Monism rejects the concept of purpose in every sphere, with the sole exception of human action. It looks for laws of nature, but not for purposes of nature. Purposes of nature, no less than imperceptible forces (p. 93), are arbitrary assumptions. But even life-purposes which man does not set up for himself are, from the standpoint of Monism, illegitimate assumptions. Nothing is purposive except what man has made so, for only the realization of an Idea originates anything purposive. But an Idea becomes effective, in the realistic sense, only in man. Hence human life has no other purpose and destination than the one which man gives to it. If the question be asked: What is man's task in life? Monism has but one answer: The task which he gives to himself. I have no predestined mission in the world; my mission, at any one moment, is that which I choose for myself. I do not enter upon life's voyage with a fixed route mapped out for me.

Ideas are purposively realized only by human beings. Consequently, it is illegitimate to speak of the embodiment of Ideas by history. All such statements as “history is the evolution of man towards freedom,” or “the realization of the moral world-order,” etc., are, from a Monistic point of view, untenable.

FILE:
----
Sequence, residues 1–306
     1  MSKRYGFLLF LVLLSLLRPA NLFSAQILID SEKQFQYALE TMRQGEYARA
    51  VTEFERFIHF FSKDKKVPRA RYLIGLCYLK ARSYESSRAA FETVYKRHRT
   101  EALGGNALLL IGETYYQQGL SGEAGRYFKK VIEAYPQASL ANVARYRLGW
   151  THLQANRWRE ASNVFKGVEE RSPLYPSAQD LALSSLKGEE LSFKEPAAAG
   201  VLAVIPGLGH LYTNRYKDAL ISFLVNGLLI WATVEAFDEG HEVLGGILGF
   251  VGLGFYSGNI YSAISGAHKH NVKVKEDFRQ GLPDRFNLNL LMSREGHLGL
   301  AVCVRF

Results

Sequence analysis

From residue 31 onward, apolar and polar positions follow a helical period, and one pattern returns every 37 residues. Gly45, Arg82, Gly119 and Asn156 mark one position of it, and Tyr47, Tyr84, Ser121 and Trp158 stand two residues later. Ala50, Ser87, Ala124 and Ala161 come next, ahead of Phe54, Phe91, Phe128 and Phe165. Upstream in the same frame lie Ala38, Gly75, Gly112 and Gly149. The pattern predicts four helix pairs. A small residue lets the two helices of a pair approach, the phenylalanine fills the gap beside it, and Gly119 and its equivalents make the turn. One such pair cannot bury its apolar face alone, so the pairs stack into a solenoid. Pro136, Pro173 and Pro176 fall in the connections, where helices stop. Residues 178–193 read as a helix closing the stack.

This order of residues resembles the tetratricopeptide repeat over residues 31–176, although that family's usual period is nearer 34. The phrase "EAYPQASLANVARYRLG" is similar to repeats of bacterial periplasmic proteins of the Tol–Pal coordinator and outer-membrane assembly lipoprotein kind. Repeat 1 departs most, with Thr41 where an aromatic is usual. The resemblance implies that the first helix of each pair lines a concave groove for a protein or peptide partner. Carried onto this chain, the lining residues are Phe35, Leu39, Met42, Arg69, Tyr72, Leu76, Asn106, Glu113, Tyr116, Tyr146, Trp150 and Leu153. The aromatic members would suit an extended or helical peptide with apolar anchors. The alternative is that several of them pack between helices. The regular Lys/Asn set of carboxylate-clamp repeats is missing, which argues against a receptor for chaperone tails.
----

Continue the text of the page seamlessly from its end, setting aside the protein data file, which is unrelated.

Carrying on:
The supporters of the concept of purpose believe that, in surrendering it, they are forced to surrender also all order and unity in the world. Listen, for example, to Robert Hamerling (Atomistik des Willens, vol. ii, p. 201): “As long as there are instincts in nature, so long is it foolish to deny purposes in nature. Just as the structure of a limb of the human body is not determined and conditioned by an Idea of this limb, floating somewhere in mid-air, but by its connection with the more inclusive whole, the body, to which the limb belongs, so the structure of every natural object, be it plant, animal, or man, is not determined and conditioned by an Idea of it floating in mid-air, but by the formative principle of the more inclusive whole of nature which unfolds and organizes itself in a purposive manner.” And on p. 191 of the same volume we read “Teleology maintains only that, in spite of the thousand misfits and miseries of this natural life there is a high degree of purpose and plan unmistakable in the formations and developments of nature — a purposiveness, however, which is realized only within the limits of natural laws, and which does not tend to the production of some fantastic fairy-land, in which life would not be confronted by death, growth by decay, with all the more or less unpleasant, but quite unavoidable, intermediary stages between them. When the critics of Teleology oppose a laboriously collected rubbish-heap of partial or complete, imaginary or real, maladaptations to a world full of wonders of purpose, such as nature exhibits in all her domains, then I consider this just as amusing — “